German wastewater treatment specialist ACO Marine, together with a group of competing wastewater treatment system manufacturers and environmental organisations, has called for a revision to MARPOL Annex IV in order to verify the ongoing performance and discharge criteria of sewage treated systems onboard ship.
While there are rules in place for verifying discharge parameters, these relate only to type-approval testing in land-based establishments. There is currently no enforcement of the wastewater discharge criteria once a system has been installed and becomes operational onboard ship.
ACO Marine managing director Mark Beavis said: “The main contention is that we believe there are type-approved systems in operation at sea that are scientifically incapable of treating sewage waste.”
A paper co-authored by Beavis – Sewage Treatment with No-Sludge Production – A False Claim, and a Non-Conformity – claims: “Some manufacturers claim their sewage treatment plants do not produce sludge. Unfortunately, conformity assessment bodies have approved their equipment. But they have certified impossibilities and created certified ‘magic boxes’. These systems contravene science.”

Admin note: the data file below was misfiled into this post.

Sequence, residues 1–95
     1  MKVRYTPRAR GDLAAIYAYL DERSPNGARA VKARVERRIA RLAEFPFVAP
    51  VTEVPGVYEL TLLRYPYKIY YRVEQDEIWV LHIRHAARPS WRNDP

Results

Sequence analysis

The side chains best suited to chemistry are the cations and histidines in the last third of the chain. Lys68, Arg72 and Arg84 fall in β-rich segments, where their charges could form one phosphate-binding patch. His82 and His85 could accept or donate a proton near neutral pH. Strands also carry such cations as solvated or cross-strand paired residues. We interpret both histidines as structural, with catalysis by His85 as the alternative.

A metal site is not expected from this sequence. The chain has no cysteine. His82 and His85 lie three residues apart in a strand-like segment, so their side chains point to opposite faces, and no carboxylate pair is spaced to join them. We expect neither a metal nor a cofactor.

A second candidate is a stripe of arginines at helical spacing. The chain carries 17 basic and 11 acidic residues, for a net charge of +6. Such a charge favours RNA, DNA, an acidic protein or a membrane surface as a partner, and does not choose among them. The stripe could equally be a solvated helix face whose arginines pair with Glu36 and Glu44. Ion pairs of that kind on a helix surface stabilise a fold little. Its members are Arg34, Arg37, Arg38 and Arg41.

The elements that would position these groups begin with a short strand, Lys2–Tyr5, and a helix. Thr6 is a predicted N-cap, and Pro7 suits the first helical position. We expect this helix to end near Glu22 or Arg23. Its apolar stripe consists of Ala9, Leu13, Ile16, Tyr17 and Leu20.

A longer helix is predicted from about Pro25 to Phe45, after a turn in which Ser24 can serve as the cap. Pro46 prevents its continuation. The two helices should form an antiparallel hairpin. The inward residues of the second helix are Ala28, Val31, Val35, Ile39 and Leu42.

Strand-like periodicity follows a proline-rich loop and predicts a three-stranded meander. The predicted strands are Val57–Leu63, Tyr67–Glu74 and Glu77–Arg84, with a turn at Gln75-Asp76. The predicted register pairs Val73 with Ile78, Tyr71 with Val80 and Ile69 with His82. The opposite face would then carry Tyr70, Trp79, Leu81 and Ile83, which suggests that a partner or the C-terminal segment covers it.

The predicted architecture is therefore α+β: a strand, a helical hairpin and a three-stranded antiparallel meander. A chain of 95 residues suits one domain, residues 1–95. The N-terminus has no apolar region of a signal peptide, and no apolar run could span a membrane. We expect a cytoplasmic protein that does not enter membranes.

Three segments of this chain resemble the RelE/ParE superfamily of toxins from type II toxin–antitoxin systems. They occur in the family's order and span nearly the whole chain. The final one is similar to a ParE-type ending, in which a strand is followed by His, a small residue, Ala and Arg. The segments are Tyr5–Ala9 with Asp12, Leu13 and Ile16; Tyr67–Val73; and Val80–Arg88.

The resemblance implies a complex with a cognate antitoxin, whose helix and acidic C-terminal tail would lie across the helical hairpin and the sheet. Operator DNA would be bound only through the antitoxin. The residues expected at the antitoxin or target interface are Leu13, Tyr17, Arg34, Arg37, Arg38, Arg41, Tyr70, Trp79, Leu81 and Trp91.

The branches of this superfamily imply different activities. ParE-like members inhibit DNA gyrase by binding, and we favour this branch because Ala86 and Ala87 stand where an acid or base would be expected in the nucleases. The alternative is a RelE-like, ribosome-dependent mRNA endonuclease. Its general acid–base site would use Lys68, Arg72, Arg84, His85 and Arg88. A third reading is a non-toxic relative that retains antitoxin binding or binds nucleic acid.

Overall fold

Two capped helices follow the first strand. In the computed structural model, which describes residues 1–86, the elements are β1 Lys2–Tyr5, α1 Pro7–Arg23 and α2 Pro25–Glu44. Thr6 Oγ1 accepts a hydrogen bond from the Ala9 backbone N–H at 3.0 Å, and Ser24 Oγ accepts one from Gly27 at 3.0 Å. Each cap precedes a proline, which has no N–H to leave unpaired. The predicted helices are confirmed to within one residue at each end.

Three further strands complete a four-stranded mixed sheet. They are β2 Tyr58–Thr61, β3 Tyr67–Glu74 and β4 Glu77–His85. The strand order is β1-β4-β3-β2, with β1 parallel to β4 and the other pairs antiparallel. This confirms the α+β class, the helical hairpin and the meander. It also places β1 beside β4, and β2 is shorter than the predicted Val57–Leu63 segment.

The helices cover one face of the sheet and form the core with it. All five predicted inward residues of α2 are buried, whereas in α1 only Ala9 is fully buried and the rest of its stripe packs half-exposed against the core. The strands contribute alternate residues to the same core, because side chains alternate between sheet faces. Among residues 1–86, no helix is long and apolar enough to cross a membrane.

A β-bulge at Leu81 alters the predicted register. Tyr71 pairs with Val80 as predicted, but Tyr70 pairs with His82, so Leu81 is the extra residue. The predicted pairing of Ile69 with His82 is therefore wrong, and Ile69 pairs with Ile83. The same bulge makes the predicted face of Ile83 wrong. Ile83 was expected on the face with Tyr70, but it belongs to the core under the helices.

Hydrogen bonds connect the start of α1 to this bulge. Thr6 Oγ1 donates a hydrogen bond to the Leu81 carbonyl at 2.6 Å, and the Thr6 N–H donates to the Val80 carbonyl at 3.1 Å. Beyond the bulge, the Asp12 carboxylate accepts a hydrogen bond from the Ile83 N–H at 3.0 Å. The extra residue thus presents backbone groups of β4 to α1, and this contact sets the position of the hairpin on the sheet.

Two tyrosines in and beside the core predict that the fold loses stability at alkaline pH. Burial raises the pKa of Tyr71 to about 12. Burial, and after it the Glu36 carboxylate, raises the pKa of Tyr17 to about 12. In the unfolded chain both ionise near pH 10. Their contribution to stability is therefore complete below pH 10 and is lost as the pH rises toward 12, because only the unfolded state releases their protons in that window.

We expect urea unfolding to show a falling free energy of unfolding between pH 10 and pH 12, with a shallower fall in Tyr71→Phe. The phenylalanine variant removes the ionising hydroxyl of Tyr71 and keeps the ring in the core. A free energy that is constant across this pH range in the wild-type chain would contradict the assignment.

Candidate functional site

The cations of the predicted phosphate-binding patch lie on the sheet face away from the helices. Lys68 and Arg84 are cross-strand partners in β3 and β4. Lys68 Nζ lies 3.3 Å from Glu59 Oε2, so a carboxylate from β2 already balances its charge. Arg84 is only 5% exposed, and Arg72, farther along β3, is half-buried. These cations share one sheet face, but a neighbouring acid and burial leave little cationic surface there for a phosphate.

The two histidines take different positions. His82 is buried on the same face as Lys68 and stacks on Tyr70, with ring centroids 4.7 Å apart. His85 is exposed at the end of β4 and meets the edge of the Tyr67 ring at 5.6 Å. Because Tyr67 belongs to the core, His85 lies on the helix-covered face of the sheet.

Beavis said: “Sewage treatment plants protect the marine environment by turning raw sewage into less harmful effluent that meets specific discharge criteria set by the International Maritime Organisation. As a by-product of the treatment process sewage sludge is created that has to be either treated onboard or incinerated ashore. This sludge is a by-product or all treatment processes. But instead of being separated from the treatment process, this sludge is being flushed out in the effluent.
“These ‘magic boxes’ would not be able to perform no matter how well they are operated and we are very concerned about the environmental damage these systems are causing.”
While the rules were tightened with MEPC.227(64) and the use of dilution water limited during performance tests, this has not prevented the certification of these so-called sludge-free systems.
“Certificates have become licences to pollute. Something is very wrong,” the authors state in the paper.
Existing guidelines do not explicitly prohibit no-sludge systems but the authors believe the type approval regime is a “contradiction to the IMO’s intentions”.